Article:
Wednesday, February 02, 2005

Time Machine

The contained area scanning is now in 100% c++, and it's fast. Fast enough to not notice it happen, anyway. The display of the contained areas is still slow, since it must create a new object for each gridspace that's contained, but that will be eventually solved by using openGL to draw such things directly on the client. I might even use tri-strips or something.

Anyway, I also got started on moving things to the client. All of the script code to handle multiple clients is there, on the server scripts at least. I still need to create the proper stuff in the clientside scripts for two people to actually play. Before I started on this, I realized I need to send some stuff across the wire. This will make two people on the same keyboard rather simple to implement, but even more importantly it will allow network play. The reason this needs to be so is each client needs to keep track of the walls, contained areas, and other things to reduce network traffic. Just sending updates will be more efficient than storing everything on the server and having the clients access it each time they need it.

So I've been struggling to think of the best way to approach this, since my network coding experience is slim. Just today I spent about 2 hours trying to wrap my head around the whole concept. I think I've finally got it, and that means that fairly soon network play will be possible. So I can sit at work and play... er... I mean... test... yeah, test my game with my wife at home and see how it works. It's exciting just thinking about it.

When I published my one and only game Booym, I was 18, and the whole development cycle was only 3 months. It was a fairly simple game, but I look back and wonder how on earth I got so much done in such time. Yes, it was summer, but we traveled around part of the time, and other things were always distracting (I still like to play other games, too). So it was really more like 2 months. Anyway, my point is that I've tried to reach back 6 years and figure out what was so cool back then. The answer? A clipboard. Yeah, I had a clipboard for my game. I've never done well with full design documents. My design documents consist of a couple short paragraphs describing the essence of the game. Sometimes I explained a particular feature in a little more detail, but there was very little design on that clipboard. Mostly I just dove into the game, got a prototype working, then starting adding stuff I thought would be cool. The main thing on that clipboard was a checklist. While working on the game I would think of other things I need to do. When such things came, I wrote them down. My prioritization method invovled putting a box next to things that need doing soon. I doubled that box if it was urgent, and tripled the box if it needed done today. That's it. In subsequent game attempts, I've tried to be more formal, and I end up spending too much time designing until I get bored and think the game is going to be dumb. So I'm reaching back in time to get that same adrenaline from making a game impromptu. I'm hoping it will work better.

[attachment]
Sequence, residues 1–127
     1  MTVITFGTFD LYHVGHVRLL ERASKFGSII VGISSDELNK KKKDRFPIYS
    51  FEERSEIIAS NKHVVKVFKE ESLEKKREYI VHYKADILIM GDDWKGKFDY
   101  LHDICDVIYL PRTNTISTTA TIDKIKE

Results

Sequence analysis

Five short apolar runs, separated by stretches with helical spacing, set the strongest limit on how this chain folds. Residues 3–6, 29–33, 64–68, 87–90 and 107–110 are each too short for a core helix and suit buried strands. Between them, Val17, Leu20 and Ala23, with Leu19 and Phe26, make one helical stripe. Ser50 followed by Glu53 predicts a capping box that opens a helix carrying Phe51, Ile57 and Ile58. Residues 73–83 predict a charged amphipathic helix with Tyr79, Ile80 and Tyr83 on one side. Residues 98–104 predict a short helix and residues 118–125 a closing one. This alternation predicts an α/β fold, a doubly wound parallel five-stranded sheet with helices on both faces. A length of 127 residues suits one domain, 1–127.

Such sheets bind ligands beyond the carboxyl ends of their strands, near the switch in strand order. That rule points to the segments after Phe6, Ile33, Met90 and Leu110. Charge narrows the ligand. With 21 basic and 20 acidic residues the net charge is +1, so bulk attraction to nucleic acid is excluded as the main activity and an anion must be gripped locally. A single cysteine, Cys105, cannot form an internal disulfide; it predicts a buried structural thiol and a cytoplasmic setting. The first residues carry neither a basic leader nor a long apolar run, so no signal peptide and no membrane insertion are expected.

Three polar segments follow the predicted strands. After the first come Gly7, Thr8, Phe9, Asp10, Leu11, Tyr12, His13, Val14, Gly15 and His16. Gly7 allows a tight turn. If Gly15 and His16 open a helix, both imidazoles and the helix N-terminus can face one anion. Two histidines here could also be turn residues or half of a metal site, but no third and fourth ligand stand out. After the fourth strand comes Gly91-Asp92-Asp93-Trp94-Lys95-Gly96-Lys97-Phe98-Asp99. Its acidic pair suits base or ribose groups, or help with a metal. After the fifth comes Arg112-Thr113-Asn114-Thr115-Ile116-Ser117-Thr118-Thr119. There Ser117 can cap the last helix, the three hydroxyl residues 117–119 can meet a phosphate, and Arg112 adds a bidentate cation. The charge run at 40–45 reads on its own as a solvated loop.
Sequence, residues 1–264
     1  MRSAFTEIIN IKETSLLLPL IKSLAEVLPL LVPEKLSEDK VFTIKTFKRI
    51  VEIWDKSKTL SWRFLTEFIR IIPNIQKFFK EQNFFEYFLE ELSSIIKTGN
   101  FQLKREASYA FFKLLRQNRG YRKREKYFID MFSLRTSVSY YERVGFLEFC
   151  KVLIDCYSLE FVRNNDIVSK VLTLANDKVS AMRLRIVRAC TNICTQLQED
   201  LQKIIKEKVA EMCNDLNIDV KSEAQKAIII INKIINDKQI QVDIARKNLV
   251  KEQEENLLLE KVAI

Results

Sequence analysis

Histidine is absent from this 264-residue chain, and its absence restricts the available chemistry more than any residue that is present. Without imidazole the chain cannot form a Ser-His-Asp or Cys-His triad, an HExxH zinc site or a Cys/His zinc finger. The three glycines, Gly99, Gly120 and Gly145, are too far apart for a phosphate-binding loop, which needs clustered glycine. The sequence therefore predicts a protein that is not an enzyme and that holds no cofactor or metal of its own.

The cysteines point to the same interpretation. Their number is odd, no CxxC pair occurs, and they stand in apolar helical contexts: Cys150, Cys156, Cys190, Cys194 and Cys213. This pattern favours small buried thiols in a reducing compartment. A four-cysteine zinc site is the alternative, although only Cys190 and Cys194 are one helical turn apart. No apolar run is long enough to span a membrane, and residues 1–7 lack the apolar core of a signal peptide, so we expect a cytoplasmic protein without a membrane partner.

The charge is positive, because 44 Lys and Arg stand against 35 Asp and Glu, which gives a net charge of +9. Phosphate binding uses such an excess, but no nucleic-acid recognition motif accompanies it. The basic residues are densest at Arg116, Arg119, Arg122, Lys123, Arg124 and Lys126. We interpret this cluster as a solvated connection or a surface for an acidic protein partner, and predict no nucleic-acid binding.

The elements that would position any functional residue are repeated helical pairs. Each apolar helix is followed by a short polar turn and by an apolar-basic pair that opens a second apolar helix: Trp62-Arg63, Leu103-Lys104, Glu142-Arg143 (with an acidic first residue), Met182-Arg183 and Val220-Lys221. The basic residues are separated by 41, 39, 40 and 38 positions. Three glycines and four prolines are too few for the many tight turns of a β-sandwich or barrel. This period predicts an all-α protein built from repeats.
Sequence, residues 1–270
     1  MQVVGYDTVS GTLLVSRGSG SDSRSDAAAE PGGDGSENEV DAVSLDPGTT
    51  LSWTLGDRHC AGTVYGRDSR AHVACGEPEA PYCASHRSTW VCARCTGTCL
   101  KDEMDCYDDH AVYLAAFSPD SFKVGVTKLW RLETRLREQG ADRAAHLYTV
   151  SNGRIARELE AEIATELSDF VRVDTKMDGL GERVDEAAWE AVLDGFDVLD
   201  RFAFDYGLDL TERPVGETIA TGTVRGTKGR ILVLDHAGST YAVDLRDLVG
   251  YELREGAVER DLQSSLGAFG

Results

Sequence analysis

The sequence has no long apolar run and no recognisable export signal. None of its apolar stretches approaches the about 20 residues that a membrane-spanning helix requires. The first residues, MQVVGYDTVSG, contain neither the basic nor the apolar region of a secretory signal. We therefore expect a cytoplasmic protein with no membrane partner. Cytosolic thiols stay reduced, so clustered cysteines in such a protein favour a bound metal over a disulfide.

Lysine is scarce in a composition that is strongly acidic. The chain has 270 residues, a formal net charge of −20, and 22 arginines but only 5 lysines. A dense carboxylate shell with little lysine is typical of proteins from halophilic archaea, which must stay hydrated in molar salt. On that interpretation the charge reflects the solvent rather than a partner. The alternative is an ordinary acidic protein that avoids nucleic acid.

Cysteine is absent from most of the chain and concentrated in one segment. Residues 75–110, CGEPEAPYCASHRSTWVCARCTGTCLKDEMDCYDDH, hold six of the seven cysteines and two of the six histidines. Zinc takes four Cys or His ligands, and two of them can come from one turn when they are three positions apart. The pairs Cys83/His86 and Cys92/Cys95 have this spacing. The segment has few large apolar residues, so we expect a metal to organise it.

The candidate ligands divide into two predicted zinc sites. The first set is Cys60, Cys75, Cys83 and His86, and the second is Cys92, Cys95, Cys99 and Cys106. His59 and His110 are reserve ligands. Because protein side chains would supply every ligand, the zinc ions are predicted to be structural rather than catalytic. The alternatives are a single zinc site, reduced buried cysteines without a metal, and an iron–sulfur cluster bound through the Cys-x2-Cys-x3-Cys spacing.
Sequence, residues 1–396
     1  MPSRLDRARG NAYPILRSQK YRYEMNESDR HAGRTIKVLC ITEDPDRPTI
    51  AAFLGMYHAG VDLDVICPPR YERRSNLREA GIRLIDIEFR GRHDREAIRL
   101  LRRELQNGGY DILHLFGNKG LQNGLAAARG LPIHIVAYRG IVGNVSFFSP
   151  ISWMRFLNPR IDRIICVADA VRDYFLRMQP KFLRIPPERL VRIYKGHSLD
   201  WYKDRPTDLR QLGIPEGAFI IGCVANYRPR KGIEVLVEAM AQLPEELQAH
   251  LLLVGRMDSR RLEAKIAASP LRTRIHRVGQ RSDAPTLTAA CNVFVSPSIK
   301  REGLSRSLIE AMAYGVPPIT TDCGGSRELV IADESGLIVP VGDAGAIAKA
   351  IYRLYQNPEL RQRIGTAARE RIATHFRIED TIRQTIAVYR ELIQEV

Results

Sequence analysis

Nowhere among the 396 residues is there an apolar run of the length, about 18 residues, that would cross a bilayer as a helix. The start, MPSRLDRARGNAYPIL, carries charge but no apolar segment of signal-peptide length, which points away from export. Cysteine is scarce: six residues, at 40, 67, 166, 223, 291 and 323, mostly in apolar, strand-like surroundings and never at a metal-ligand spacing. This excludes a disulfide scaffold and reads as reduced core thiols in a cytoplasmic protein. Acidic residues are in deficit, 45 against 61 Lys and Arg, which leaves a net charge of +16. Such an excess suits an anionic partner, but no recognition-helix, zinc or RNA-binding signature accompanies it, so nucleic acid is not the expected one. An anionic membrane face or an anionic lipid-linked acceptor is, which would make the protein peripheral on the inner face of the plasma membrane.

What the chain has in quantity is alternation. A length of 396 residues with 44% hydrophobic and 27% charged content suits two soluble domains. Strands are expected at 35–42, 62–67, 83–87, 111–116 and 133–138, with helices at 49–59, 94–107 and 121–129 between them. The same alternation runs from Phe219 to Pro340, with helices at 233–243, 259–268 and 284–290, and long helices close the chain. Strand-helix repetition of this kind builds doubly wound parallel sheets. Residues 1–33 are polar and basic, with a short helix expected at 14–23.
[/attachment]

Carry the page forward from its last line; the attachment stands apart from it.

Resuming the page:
The next steps are to get the necessary data on the client and synchronize with the server. After that, it's getting the build command and fire command to work from the client (simple). Then I've got to code in all the piece templates to make the game more interesting, and randomize the selection of the next piece.

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